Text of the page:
Around 300BC the length of the sarissa is stated to be sixteen paces, and issued to the infantry at sixteen cubits, but in general use showed up at fourteen cubits. Manti makes note that Arrian wrote cubit as his unit of measure in one instance, he feels that Arrian’s use of poda to be the more appropriate and significant. Manti goes on to say that poda is usually translated into English as foot, but believes that pace is more correct as it is actually the designation for the measured step taken by a human being, particularly that of the field-march step of the phalangite, or infantry. The Macedonian cubit is 13.5 inches whereas the Attic cubit is 18 inches. This is important as some scholars tend to use different cubits to measure the sarissa, and this results in differing information. For the sake of this paper, it will be assumed that Manti is correct in using the Macedonian cubit of 13.5 inches. Drawing from the literary evidence he examined, Manti concludes that the infantry sarissa is longer than the cavalry sarissa and the hoplite spear. It is made in a variety of lengths; ten, twelve, and sixteen cubits, as well as sixteen paces. However, in use in the field it appeared at fourteen cubits.
The sarissa became an icon of power and authority in Macedon and Greece by the time of Alexander. In the Alexander mosaic in Naples, Alexander can be seen wielding a sarissa. However, even though mounted cavalry did have sarissas, the one depicted is an infantry sarissa. As it is very improbable that Alexander wielded the long infantry sarissa on horseback, and would be impractical to have it for any reason, Manti concludes that this mosaic is a political manoeuvre much like the Boscoreale mural. Further, Manti goes on to say in his footnotes on this subject that this sarissa underlines the legitimacy of the Macedonian king as the king of Macedon since it is pictured in the context of Darius fleeing the field of battle, and thus makes Alexander also the King of Kings of all Persia and all of its empires by fact of royal conquest.
Continuing to use the pictorial evidence, it can be seen that the sarissa fits the description of the sarissa used by the phalanx due to it having a pointed buttspike, and a tubular foreshaftgaurd near the weaponhead. Also visible is a type of cord that is wrapped tightly around the shaft near the aft end which will allow a pikeman to have the appropriate measured spacing for his hands as well as make a solid grip, as over time with use the shaft of the sarissa would become too smooth and slippery to hold tightly. Also, had this been a cavalry lance, the cording would have been replaced with a leather sling-type strap to assist with holding while on horseback.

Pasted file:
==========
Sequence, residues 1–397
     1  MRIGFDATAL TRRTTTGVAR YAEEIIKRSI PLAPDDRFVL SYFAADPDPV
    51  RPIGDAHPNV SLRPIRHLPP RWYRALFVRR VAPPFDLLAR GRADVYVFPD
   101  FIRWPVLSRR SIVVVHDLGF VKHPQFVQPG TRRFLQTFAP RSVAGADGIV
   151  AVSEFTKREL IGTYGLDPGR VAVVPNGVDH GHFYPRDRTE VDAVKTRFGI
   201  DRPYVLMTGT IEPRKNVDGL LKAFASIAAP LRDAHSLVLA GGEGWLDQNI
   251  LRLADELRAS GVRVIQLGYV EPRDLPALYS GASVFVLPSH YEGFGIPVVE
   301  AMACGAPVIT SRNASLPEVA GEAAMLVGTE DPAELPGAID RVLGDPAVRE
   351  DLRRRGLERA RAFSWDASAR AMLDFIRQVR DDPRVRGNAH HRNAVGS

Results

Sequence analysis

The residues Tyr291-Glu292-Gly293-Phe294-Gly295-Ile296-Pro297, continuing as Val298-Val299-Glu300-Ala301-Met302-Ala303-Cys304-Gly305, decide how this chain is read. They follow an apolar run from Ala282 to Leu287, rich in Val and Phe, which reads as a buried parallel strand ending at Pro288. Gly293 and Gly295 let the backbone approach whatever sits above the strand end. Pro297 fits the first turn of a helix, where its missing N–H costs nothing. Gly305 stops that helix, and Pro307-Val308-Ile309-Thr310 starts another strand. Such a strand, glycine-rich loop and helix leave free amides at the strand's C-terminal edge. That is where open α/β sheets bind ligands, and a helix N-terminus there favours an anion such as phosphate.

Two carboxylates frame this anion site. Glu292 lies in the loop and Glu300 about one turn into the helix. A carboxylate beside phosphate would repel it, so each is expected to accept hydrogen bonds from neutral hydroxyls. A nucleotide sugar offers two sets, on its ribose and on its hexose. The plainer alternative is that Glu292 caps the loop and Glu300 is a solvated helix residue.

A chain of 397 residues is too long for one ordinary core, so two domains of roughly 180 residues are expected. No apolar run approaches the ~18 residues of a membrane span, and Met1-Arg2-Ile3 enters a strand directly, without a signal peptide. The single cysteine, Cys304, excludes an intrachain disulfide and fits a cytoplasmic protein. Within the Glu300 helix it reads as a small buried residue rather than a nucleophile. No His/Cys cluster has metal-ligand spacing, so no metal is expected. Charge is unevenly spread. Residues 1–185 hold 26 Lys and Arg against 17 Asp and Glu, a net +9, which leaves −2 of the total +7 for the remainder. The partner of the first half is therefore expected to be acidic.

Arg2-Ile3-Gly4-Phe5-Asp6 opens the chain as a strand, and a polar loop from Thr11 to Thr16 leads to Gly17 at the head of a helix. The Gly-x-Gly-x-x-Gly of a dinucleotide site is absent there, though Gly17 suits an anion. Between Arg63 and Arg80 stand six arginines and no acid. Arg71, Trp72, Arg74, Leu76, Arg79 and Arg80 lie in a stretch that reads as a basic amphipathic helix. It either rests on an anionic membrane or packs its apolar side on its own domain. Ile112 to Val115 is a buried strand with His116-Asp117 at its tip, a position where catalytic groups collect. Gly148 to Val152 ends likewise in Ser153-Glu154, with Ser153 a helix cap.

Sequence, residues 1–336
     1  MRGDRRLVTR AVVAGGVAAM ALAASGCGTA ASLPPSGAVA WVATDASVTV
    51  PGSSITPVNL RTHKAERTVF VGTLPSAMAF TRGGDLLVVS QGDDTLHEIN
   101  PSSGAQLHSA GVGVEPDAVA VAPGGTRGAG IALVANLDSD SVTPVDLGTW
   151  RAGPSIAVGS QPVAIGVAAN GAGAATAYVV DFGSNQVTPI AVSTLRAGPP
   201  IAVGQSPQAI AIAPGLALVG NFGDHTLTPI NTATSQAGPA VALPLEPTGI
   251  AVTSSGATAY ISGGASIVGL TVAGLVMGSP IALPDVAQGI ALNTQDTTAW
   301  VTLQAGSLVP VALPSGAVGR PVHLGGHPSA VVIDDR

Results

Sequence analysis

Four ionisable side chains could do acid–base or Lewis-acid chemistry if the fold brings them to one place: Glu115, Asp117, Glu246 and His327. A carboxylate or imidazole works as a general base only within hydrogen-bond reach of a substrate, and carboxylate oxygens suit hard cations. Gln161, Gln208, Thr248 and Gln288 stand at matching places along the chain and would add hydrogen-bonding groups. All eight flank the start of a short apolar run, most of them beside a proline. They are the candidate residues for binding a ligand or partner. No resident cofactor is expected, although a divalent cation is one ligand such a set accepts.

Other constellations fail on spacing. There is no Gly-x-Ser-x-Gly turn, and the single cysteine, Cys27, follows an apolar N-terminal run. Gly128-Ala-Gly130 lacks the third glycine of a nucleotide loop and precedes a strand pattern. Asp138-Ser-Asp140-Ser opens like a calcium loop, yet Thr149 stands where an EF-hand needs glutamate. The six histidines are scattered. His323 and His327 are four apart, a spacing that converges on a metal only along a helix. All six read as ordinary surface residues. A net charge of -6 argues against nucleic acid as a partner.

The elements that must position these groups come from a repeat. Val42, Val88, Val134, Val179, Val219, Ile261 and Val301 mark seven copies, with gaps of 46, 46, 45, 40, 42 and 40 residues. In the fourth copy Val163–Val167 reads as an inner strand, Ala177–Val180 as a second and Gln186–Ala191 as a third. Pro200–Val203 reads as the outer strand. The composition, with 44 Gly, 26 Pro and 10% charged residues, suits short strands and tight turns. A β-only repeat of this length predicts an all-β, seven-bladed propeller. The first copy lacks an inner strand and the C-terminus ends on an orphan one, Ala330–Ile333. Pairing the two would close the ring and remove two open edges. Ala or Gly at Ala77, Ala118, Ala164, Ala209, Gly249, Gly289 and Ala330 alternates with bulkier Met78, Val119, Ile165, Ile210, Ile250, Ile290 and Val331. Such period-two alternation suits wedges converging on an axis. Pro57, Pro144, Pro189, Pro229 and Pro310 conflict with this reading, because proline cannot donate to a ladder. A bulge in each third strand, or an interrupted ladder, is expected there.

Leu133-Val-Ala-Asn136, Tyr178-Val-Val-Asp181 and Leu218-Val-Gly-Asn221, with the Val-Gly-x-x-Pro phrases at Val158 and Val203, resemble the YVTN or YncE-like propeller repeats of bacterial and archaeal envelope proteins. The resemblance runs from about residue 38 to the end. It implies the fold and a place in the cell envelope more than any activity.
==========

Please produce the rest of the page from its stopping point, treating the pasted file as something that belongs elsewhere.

There was flexibility in the phalanx to adjust the formations from the standard eight men deep stance. The Macedonians could compact and up to double the depth of men to sixteen. While in open formation, there was a four cubit spacing allowed for each man. This formation was used for speed, both in attacking and in covering ground during marching. Also, it was used as a defence against enemy chariots and wagons. The close order was used for maneuvering on the battlefields and movements against a large front. The Macedonians also used it when facing less disciplined and organised troops. The compacted order, (also called locked shield) was for closing with an enemy that was equal to the pikemen in discipline. It was also used if hitting power from mass was more important than the size of the military front, or when receiving a charge from infantry or cavalry. Men only took up one cubit in this formation.
The Macedonian phalanx when equipped with sarissas was usually eight men deep. This allowed approximately five weaponheads to be projected forward of the first rank of men. This required very disciplined depth spacing on the part of the pikemen. With the structure of the fourteen cubit sarissa, four cubits were used by the distance between the pikeman’s hands and the buttspike for balancing. This means that there were ten cubits protruding to the front of the pikeman, resulting in four ranks of pikes extending in front of the first rank of pikemen, staggered at two cubit intervals. This spacing allowed the sarissas to overlap and offer protection from attacking enemies to each other. For example, the front rank’s sarissa would be protected by the blade and foreshaftgaurd of that of the second rank’s sarissas, with the third rank’s blade protruding to the point of the second’s foreshaftgaurd, and so on continuing back. This meant that any swordman that tried to cut the head off the sarissa would have to reach in a distance of up to two cubits to get to the wooden shaft, but would not be able to cut it off as it is protected by the sarissa behind it. This made the sarissa invulnerable to frontal assault from swordmen. As Manti stated, “The Romans, each facing ten to twelve pikes, were in this respect at a grave disadvantage with their short swords and training not to cut but to thrust”.